Biden has already promised a $640 billion investment in housing over the next decade, which includes a $100 billion Affordable Housing Fund, according to his campaign website. Deron Lovaas, co-director of Energy Efficiency for All — a National Resources Defense Council initiative — called this plan “ambitious,” “visionary,” and “badly needed.”

Christopher E. Herbert, director for the Harvard Joint Center for Housing Studies, said though Biden’s plans for a universal voucher program may be costly and difficult to pass in Congress, it would have a “substantial and significant difference.” Herbert also said universal voucher programs could incur an “enormous” increase in demand for housing, which could lead to greater inflation and rents in markets where housing supply is tight. He added, however, that the Biden plan also includes financial assistance for affordable housing tenants, which could help spur supply.

In Cambridge, the housing crisis has remained unchanged over the last few years. In 2019, Cambridge Continuum of Care tallied 555 people experiencing homelessness in the city, a level consistent in the years since at least 2014. But building more affordable housing to reduce these numbers has proven difficult, Sadun said.

“In Cambridge, it is very expensive to find sites that are suitable to buy land on,” he said, noting that a lengthy permitting process has also been a obstacle, but this has been partially resolved by the Affordable Housing Overlay passed in October.

McGovern also emphasized the need for more affordable housing units and vouchers, calling for a “national strategy” to address these issues.

“We have to stop looking at this as Cambridge’s homelessness problem because homelessness is a national problem, and just even more locally, it’s a regional problem,” he said. “Cambridge is not going to solve homelessness.”

James R. Stewart, director of the First Church Homeless Shelter, said he hopes that the housing crisis will be addressed by the Biden administration “on a priority basis” instead of being “traded off.”

“There’s really been no significant initiative that would help homeless people off the street or out of shelters into stable situations since the end of the Carter administration,” Stewart said. “We are not able to respond to all the need out there.”

Many local leaders also argued the housing crisis is interconnected with issues of infrastructure, social justice, climate change, and inequality, which they said requires a multi-pronged approach in Biden’s plan.

Herbert, Lovaas, and Sadun all said they want to see the Affirmatively Furthering Fair Housing Rule reinstated. The provision mandates federal agencies and federal funding recipients to ameliorate historical inequities of “segregation, discrimination, and disinvestment” in housing policy, according to the National Housing Law Project’s website. Herbert added that he believes Biden’s approach to housing reflects this goal.

“The Biden housing plan has a number of aspects of it that would be intended to make the policies race-conscious,” Herbert said. “One of them would be to step up Fair Housing enforcement to address any explicit or implicit discriminatory practice in the housing market.”

Lovaas also mentioned how “legislative opportunities” can incorporate anti-discrimination practices, transportation improvement, infrastructure investments, and climate legislation such as weatherization and green retrofits in housing. He added that federal agencies have been “mismanaged and misled” during the Trump administration and hopes to see the new administration “resurrect interagency initiatives” that address these opportunities.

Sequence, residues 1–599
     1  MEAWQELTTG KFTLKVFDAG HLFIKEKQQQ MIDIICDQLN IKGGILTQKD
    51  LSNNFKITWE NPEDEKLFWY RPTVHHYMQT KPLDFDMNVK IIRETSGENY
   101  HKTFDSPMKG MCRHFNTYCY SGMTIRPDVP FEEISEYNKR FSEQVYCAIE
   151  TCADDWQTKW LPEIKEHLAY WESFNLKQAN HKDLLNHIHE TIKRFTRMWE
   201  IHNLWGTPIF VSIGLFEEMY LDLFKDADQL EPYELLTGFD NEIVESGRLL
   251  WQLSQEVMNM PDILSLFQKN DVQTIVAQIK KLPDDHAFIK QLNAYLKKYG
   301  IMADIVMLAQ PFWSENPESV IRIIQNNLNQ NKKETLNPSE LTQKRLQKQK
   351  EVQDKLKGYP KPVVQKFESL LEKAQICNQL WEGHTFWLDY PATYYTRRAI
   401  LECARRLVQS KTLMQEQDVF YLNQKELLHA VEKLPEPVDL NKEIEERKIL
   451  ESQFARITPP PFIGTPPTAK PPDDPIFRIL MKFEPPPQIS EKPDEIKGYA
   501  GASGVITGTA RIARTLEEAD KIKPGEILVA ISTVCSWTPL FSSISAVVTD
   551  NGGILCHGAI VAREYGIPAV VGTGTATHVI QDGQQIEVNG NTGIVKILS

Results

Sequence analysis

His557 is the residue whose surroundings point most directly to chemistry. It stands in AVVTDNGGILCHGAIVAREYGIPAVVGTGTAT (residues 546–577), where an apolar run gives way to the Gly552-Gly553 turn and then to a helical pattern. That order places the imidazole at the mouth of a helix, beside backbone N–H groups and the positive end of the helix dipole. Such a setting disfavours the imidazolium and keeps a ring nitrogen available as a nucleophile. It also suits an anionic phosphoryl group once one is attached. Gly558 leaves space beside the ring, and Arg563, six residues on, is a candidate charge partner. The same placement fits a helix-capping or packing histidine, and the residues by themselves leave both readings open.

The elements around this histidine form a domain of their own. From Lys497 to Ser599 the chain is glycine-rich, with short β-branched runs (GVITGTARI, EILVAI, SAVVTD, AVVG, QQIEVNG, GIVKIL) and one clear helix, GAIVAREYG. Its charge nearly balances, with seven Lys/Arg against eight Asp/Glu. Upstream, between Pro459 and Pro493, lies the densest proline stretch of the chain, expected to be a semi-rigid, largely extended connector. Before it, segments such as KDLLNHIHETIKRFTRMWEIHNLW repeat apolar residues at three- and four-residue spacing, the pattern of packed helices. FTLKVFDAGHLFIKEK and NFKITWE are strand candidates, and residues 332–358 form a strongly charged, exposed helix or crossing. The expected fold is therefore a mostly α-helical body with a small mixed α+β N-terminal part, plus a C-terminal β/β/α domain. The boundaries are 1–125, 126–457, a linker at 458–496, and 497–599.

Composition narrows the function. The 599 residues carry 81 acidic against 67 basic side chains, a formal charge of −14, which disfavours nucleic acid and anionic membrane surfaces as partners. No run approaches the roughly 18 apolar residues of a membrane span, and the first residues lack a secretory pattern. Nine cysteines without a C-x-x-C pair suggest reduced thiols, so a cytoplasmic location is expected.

Cambridge City Council met publicly in Cambridge City Hall on Monday nights before the Covid-19 pandemic.
Cambridge City Council met publicly in Cambridge City Hall on Monday nights before the Covid-19 pandemic. By Steve S. Li

Many city officials said they hope Biden will tackle the climate crisis, which went largely unaddressed in Trump’s term. Cambridge recently produced a 120-page Climate Protection Plan focused on minimizing greenhouse gas emissions across multiple city departments.

Meanwhile, the state legislature passed a comprehensive 2020 climate bill in the same vein. State Senator Sal N. DiDomenico said Massachusetts had to “pick up the slack” in the absence of a federal climate program.

Nolan said she is “thrilled” to move forward with local climate plans and have the federal government “take the lead.” Zondervan, however, said he thinks Cambridge is much more reliant on Beacon Hill than Capitol Hill in terms of climate action.

Though the past four years have tested Cambridge and its institutions, local leaders are hopeful for the next four. With an incoming Democratic administration and majority in Congress, Sobrinho-Wheeler said the new term is a “realm of possibility,” but added that local leaders need to remain vigilant.

“There’s still lots of work to be done,” he said.

CORRECTION: Jan. 20, 2021

A previous version of this article incorrectly stated that Geeta K. Pradhan, president of the Cambridge Community Foundation, described an “environment of fear” over local budget cuts mandated by the federal government. In fact, the "environment of fear" was over the federal policies themselves.

—Staff writer Carrie Hsu can be reached at

—Staff writer Simon J. Levien can be reached at Follow him on Twitter @simonjlevien.

City PoliticsPoliticsCambridge City CouncilCambridge SchoolsCambridgeThe SquareHomelessnessBiden